Should you ever leave a putt short?

Lou Stagner's Newsletter #5

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Should You Ever Leave a Putt Short?

  • Never up never in!

  • You gotta get that there!

  • You can't leave that one short!

We've all heard each one of these. Shoot, we've all probably said them a time or two. I know I have. But is it accurate? Helpful? Is it a strategy you should follow?

Today I am going to give you guidelines on a critical component of putting: Speed control. As a general rule:

  • Get all short putts to the hole

  • The farther you are from the hole, the more you should leave short

  • There is a distance where leaving 50% short will be optimal

Let's look at numbers for tour pros. After that, I'll provide guidelines you can apply to your game. The chart below shows percent of putts they get to the hole from different distances.

  • From 20-feet: 76% get to the hole (24% short)

  • From 30-feet: 62% get to the hole (38% short)

The numbers above surprise a lot of people. Especially the numbers for mid and long range putts. I know this is obvious, but the closer you are to the hole, the better chance you have to make the putt. This means you need to get a higher percent of putts to the hole. But as you get farther from the hole, you need to start leaving more putts short. The longer the putt, the tougher it is to have precise speed. This is why you need to start leaving more short. We won't make as many putts the longer we are from the hole, so we need our pattern to start being centered at the hole. For tour pros, from 30-feet, 80% of putts finish between 31 inches short of the hole, and 48 inches past. Said another way, 80% of putts finish within a window that is 6 feet 7 inch long. From 30-feet if every putt got to the hole, they would make about the same number of putts, but they would three-putt more. I ran an analysis on their dispersion from 30 feet and currently it is close to optimal.But.... if you wanted to optimize their pattern from 30-feet, you would shift it 4 inches shorter. Yep - that's right. As a group they would perform better if every putt had 4-inches less pace on it.As we get farther from the hole, it becomes less about making it, and more about not three-putting.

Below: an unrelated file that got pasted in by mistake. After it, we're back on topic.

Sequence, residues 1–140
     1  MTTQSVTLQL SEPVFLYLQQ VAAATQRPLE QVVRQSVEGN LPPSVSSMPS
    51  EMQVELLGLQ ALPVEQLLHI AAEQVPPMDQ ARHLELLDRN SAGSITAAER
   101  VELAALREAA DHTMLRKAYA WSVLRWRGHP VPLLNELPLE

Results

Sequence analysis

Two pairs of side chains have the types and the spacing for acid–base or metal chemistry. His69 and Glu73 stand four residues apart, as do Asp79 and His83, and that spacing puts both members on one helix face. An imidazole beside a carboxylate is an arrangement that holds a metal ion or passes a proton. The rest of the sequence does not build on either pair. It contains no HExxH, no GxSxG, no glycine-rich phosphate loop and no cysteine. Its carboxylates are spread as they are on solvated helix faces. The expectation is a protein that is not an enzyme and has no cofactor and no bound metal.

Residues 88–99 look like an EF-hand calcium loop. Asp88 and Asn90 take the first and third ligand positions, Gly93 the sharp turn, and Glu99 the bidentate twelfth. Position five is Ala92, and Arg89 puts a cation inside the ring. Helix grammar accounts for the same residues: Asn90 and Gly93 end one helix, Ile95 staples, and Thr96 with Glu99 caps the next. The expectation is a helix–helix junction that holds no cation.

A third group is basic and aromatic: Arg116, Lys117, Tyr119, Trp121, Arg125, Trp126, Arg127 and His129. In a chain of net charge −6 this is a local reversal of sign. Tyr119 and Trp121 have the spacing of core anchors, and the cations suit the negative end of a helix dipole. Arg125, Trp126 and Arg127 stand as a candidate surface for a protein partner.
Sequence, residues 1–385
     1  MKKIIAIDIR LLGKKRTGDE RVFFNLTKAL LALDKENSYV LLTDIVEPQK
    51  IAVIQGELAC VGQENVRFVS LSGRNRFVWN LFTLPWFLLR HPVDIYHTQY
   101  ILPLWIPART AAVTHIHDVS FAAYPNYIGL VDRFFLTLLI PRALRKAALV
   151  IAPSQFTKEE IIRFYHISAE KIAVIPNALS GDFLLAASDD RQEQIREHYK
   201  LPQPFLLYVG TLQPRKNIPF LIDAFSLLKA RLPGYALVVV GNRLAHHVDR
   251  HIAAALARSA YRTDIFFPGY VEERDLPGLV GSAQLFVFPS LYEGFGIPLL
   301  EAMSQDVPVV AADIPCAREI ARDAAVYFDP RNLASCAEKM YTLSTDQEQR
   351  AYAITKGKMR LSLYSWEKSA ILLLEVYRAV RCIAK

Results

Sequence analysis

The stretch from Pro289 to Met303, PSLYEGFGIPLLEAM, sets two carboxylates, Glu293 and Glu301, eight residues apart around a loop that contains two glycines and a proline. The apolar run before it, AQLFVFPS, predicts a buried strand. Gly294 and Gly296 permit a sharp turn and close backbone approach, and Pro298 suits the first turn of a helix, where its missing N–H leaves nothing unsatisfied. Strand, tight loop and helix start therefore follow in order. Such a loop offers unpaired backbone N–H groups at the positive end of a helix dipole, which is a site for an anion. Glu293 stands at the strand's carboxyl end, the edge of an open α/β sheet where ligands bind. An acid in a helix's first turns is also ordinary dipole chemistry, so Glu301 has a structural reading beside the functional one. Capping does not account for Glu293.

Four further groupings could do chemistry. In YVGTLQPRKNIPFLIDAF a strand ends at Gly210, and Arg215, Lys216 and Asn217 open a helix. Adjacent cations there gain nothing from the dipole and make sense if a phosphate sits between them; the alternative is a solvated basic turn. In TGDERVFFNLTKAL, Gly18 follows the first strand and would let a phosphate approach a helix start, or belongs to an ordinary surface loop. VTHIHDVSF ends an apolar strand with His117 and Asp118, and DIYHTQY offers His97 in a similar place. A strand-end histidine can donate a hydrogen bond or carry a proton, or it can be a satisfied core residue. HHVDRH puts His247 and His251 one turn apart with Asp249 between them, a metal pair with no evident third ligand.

So What Does This Mean For You?

First, let's tackle what your 50/50 distance should be. To be clear, from this distance (or longer) 50% of your putts should finish short of the hole. 50/50 distance:

  • 0 index: ~42 feet

  • 5 index: ~35 feet

  • 10 index: ~28 feet

  • 15 index: ~23 feet

  • 20 index: ~20 feet

When we are close to the hole, we need to get more putts to the hole. From 10-feet tour pros get ~95% of their putts to the hole. 95% distance:

  • 0 index: ~9.5 feet

  • 5 index: ~9.0 feet

  • 10 index: ~8.5 feet

  • 15 index: ~8.0 feet

  • 20 index: ~7.5 feet

As you go from your 95% distance towards your 50/50 distance, you should gradually start to leave more putts short of the hole.

Good speed control is NOT about getting every putt to the hole. If you are doing that, your putting is not optimized. Thanks again for reading and have a great week!

— Lou

PS - I had a ton of conflicts the past few weeks, but those are all out of the way now and the newsletter will be back on track. You might even see two newsletters per week for the next few weeks!